It is agreed that drama, like the various other activities done at school, is an important element in the education of our students.
Yet, it does not happen to be popular.  In many colleges, drama is inexistent.  It is not given the importance it deserves.
Enhancing creative skills
Drama is a confidence-boosting activity.  When students find themselves interacting with others, a team spirit is established.  Rehearsal demands working together and the student who would otherwise have been confined to a corner due to his timidity or shyness, is pleasantly surprised to discover that, gradually, he is overcoming it.
Knowing that he is accepted in a group is likely to instil confidence in him.  This is a significant aspect of personality development.
Drama also allows students to get under the skin of the characters in the selected play.  Thus, they extend their understanding of the thoughts and feelings of the character much better than just reading the play.  One can have a greater insight into the motivations of a character through acting out a scene.
Drama invites the student to project himself in a different situation from his own.  Empathy permits him to inhabit another world and see life in a different light.  Consequently, his understanding and appreciation of life is widened.
Textbook knowledge is quite limited in scope.  A mere reading of a play tends to be superficial whereas drama would have thrown up nuances that one would have missed at a surface reading.
What is the playwright getting at?  Sometimes even several readings of an extract are insufficient to pinpoint this.  Group discussion would be a laudable attempt at working out what the writer is trying to convey.
Drama is not just acting.  It is additionally about setting and atmosphere.  A candid discussion among the participants, with the help of the teacher, might be useful in sharpening imagination.  The student feels involved in different departments of a play.  A student may not be good at acting as such but may have an eye for décor and evoking the right atmosphere through the setting or costumes.
Whatever the task undertaken by the students during the preparation stage, it is bound to give satisfaction because creativity is involved.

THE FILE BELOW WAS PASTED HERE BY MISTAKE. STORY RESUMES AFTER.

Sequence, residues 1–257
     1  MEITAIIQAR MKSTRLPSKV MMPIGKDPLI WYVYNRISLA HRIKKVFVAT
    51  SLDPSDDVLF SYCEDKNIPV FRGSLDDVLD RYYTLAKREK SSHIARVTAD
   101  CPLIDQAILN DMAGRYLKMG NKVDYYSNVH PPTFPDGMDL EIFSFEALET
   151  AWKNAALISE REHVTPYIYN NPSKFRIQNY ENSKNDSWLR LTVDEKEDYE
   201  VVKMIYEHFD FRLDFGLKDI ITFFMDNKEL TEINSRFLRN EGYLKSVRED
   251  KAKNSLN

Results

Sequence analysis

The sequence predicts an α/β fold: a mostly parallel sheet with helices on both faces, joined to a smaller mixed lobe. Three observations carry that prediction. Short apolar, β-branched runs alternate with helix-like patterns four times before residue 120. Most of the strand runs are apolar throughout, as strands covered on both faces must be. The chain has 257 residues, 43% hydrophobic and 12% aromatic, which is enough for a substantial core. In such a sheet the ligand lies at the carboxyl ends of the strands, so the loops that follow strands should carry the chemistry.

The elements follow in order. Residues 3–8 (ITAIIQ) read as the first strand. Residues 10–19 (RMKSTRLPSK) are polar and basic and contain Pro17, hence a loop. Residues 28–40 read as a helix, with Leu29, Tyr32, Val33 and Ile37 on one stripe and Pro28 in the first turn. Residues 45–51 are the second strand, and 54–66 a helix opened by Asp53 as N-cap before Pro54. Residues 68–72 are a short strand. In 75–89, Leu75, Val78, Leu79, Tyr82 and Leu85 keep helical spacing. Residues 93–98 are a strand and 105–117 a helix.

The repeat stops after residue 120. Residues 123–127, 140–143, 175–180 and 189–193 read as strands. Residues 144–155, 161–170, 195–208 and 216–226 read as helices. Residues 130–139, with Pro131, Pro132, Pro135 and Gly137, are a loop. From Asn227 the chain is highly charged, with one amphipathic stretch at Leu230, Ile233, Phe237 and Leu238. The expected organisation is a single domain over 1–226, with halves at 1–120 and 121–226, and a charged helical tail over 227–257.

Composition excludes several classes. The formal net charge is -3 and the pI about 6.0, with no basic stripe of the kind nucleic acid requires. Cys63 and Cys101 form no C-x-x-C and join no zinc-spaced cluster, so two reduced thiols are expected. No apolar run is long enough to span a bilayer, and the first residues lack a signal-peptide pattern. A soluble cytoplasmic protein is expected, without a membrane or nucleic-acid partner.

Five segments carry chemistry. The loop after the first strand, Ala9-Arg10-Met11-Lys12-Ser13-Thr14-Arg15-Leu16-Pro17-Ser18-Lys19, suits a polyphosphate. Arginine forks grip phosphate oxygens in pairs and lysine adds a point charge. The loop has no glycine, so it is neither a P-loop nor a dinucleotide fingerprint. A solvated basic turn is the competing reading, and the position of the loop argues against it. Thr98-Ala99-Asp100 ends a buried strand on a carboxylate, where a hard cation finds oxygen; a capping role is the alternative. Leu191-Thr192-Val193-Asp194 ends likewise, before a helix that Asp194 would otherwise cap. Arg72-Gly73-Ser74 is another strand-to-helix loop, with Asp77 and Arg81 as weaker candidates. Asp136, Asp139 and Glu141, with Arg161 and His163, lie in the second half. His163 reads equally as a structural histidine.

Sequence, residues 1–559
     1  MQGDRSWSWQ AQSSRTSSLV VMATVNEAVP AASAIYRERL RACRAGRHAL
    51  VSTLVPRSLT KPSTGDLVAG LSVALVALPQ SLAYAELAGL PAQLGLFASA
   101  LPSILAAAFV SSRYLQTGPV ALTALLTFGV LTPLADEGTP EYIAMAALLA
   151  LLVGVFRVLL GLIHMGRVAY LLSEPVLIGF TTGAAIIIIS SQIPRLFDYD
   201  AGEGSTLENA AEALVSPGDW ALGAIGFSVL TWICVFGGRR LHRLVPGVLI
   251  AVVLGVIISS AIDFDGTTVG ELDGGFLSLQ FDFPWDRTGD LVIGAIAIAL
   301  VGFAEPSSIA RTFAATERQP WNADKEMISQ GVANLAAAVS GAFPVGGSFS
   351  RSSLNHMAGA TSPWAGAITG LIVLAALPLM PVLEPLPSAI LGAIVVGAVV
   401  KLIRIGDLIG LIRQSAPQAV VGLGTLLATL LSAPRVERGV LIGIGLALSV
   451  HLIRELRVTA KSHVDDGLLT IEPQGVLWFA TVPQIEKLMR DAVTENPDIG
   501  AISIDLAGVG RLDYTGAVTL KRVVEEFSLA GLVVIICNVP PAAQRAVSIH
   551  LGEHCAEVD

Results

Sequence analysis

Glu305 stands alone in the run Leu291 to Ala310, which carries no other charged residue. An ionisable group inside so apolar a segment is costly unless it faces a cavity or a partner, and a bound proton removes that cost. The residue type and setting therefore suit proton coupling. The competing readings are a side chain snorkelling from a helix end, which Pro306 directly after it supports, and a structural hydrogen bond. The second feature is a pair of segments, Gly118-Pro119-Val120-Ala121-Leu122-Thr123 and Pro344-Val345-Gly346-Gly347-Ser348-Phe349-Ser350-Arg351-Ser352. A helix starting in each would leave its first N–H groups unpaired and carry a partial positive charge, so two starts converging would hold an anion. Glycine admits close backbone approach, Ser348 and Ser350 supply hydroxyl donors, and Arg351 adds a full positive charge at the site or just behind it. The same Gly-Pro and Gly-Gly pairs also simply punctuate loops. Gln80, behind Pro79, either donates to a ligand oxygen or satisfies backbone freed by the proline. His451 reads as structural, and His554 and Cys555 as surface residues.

Drama is fulfilling for everyone.  One can leave a rehearsal session with a gratifying sense of achievement.  When students feel satisfied with what they are doing, they enjoy it and learn from it.  It is boredom that kills the interest of students.
One can improve one’s linguistic skills: articulation, pronunciation, rhythm or tone.
Visualizing a scene can be rewarding.  No two students will visualize a scene necessarily in the same way.  This visualization process is likely to encourage the student to see something from a personal perspective.
Moreover, drama would be ideal do teach students to use body language to express what words cannot.
Experiencing drama might lead one to question one’s own assumptions about people and about life.
A silent and inattentive reading may not always yield the effects the playwright meant to achieve.  Acting can.
Another merit is that drama is plenty of fun.  Instead of the routine explanation of text and copious note-taking in class, drama is a different way of learning.  It is also appropriate to mention that drama is aimed at all students, not just those studying literature.
Some problem areas
If drama is not popular in colleges, it may be because it is time-consuming.  The teacher/s (and the chances are that it is often the English and French departments that are involved) are required to work with participants during recess, after school hours, and even during the holidays.
Secondly, most teachers and students are neck-deep in tuition.  This plays against giving full attention to drama.
Then, such an activity is not generally viewed as profitable in terms of marks.  We still have people at the top who believe that allotting much time to drama would not take the college anywhere   –   the time had better be spent to teach, set classwork and homework.  End-of-year results matter more.
It is when we look at literature purely from an examination point of view that activities like drama take a backseat.
And there is the perception that the teacher who does not produce results is not good.
“Ça va compter pour les examens, monsieur?” is a question that often comes up.  The activity not being evaluative, students are not motivated.
Finally, teachers may not find the time to read a vast number of plays to select one that matches the state of maturity and readiness of their students.  It is not always easy to find a short, self-contained and complete script.  We must also consider the point that very few teachers are trained to organize drama activities.
It would be interesting to see drama occupy the place it deserves in our schools and colleges.